What We Learn From the Stories We Read

Like many writers, I love to read.

Even as a child there was nothing I enjoyed more than curling up with a good book and a snack to tune out the real world for an hour or two.

And yet, the stories I read way back then taught me so much about how to cope with the real world today.

“Fairy tales are more than true; not because they tell us that dragons exist, but because they tell us that dragons can be beaten.”

Even though G.K. Chesterton is talking specifically about fairy tales in this quote, the truth is that all the stories I remember most from my childhood encourage me to slay dragons that I face.

Stories like A Wrinkle in Time, The Silver Chair, and The Island of the Blue Dolphins push me to see adversity as something not to give in to but trials to overcome. They also show me that the Christian virtues of faith, hope, and love are my tools to defeat the dragons in my life.

The Silver Chair, written by C.S. Lewis, stands out to me as one of my favourite ‘quest’ stories. Who doesn’t like an adventurous journey? Jill, Eustace, and Puddleglum, the main characters, have to rescue a prince, and they make blunder after blunder as they try to follow the signs they were given. Through all their mistakes, they hang on to their faith that Aslan, their guide and the Christ-like representative in the whole Narnia series, will still be able to get them where they’re supposed to be.

I’ve seen this in my own life often. I take a wrong direction and perhaps am tempted to despair that I’ve lost the path completely. God has come in again and again to show me I can trust His plan; He will get me to my destination. The Silver Chair helps strengthen my faith in Romans 8:28 that reminds me God will use all things together for good.

Another cherished story of mine is The Island of the Blue Dolphin. Scott O’Dell writes with a hauntingly spare prose about a young Native American girl, Karana, accidentally left behind by her tribe. In order to survive, Karana must preserve and store food, learn to hunt and make tools, and battle loneliness. She ends up spending almost twenty years on her own but never gives up the expectation of her tribe coming back to get her one day. Her hope of rescue is inspiring.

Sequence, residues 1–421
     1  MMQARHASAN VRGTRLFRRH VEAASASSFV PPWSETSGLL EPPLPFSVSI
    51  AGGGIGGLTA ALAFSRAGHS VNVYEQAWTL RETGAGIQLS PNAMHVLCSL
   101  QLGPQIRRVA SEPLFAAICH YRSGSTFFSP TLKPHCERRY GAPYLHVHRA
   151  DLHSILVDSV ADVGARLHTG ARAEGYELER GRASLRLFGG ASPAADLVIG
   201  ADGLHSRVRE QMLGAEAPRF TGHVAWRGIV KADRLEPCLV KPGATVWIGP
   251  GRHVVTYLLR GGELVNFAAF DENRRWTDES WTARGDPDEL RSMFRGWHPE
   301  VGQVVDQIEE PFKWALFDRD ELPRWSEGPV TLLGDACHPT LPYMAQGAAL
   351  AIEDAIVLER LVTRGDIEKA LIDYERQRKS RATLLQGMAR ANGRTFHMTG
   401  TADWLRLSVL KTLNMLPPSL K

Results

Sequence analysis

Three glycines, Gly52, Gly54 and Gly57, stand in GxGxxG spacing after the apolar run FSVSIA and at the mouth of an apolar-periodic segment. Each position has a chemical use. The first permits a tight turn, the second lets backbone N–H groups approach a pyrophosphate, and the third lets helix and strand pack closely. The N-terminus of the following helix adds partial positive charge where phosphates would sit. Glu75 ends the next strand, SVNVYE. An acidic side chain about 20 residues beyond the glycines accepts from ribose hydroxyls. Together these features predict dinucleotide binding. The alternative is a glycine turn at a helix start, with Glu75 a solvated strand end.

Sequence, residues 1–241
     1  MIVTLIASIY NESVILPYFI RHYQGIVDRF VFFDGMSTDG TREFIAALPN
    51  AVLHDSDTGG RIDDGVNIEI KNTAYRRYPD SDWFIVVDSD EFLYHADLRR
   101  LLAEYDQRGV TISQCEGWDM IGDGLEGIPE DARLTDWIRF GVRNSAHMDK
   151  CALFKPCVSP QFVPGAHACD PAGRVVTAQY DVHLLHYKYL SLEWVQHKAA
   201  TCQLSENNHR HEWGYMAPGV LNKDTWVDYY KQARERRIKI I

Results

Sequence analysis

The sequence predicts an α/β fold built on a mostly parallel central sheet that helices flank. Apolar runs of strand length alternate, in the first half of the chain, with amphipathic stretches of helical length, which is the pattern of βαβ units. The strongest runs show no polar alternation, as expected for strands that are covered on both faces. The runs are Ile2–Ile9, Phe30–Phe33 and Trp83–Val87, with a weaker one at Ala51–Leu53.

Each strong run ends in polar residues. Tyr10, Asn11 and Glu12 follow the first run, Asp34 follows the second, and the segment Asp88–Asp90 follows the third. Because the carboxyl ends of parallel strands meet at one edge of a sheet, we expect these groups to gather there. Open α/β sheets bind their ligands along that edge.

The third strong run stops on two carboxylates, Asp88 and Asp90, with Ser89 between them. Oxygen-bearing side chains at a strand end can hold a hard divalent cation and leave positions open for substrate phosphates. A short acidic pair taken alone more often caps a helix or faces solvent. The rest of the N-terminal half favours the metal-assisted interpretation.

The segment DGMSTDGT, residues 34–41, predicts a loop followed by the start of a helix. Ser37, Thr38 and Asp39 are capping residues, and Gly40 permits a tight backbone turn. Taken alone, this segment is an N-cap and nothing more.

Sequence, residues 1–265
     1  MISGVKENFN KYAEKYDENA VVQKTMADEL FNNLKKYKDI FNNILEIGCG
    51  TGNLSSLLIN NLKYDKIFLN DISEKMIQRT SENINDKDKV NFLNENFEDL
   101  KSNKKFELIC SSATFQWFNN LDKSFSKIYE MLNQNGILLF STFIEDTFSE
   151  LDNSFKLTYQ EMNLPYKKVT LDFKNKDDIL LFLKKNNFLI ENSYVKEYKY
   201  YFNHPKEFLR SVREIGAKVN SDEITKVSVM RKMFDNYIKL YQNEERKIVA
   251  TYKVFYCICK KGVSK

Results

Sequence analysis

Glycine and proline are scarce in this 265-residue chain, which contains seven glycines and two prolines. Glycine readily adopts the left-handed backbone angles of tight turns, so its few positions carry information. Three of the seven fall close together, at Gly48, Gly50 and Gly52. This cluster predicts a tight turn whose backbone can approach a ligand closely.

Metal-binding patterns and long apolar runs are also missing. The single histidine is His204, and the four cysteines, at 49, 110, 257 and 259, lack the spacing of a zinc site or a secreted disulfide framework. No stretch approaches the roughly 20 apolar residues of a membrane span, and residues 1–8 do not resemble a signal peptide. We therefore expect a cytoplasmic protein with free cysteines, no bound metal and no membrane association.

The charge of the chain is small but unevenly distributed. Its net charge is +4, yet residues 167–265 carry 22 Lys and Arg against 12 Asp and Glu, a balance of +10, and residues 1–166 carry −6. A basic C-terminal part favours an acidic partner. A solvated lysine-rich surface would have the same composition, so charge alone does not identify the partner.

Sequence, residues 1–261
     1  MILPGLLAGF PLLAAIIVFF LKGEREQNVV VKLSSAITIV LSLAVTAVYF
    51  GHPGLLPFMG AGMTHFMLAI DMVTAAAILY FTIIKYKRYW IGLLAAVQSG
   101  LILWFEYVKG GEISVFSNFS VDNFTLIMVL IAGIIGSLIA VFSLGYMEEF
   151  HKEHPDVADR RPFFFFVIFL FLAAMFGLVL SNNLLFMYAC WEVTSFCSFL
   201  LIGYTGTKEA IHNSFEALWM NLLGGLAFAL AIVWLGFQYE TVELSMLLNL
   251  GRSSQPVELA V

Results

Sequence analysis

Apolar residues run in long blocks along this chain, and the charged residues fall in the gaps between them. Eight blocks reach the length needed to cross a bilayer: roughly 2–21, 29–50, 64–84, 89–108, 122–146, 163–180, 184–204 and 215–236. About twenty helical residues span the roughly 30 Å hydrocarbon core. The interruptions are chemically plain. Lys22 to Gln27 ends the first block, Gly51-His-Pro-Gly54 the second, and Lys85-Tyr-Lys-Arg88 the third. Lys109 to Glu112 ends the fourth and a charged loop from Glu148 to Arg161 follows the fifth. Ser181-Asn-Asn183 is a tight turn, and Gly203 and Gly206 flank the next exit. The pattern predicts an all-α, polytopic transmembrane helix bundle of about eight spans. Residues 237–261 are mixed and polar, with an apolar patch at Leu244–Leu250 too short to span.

Having hope is crucial! Proverbs 13:12 tells us hope deferred makes the heart sick, but a longing fulfilled is a tree of life. Karana’s story of her perseverance continues to encourage me to plan and prepare, not only for my future, but also for my present.

Finally, A Wrinkle in Time by Madeleine L’Engle stands out to me as another example of a ‘quest’ story with a heavenly message. Meg Murray, Charles Wallace Murray, and Calvin O’Keefe must travel through time and space to rescue Meg and Charles Wallace’s father from an evil entity. Their intellect and reason aren’t enough to save him. In the end, only the power of love can deliver Mr. Murray from the mindless hate-filled ‘It.’

This story shows me that love truly does conquer all. When I want to see evil vanquished, this story exemplifies God’s truth of overcoming evil with good.I’m reminded that God’s love saves, God’s love protects, and God’s love brings us safely home again.

I turn to stories like these to be inspired to ‘fight the good fight’ and see the dragons in my own life struck down.

What about you? How have your favourite stories impacted you? Share in the comments below!

Be blessed,

http---signatures.mylivesignature.com-54493-161-F48F0C00E8ED505A9575E5C8794A17DF

This post first appeared on Quills & Inkblotts

 

6 thoughts on “What We Learn From the Stories We Read

  1. Reblogged this on A nobody who has Jesus and commented:
    Good read. I just want to share the line that struck me in the blog post. “God has come in again and again to show me I can trust His plan; He will get me to my destination.”

    Timely words for a discouraged heart.

    Even if it doesn’t make any sense, let’s remember that God is in control and that He’s relentlessly committed to our good. 🙂

    Liked by 1 person

Leave a Reply

Fill in your details below or click an icon to log in:

WordPress.com Logo

You are commenting using your WordPress.com account. Log Out /  Change )

Google photo

You are commenting using your Google account. Log Out /  Change )

Twitter picture

You are commenting using your Twitter account. Log Out /  Change )

Facebook photo

You are commenting using your Facebook account. Log Out /  Change )

Connecting to %s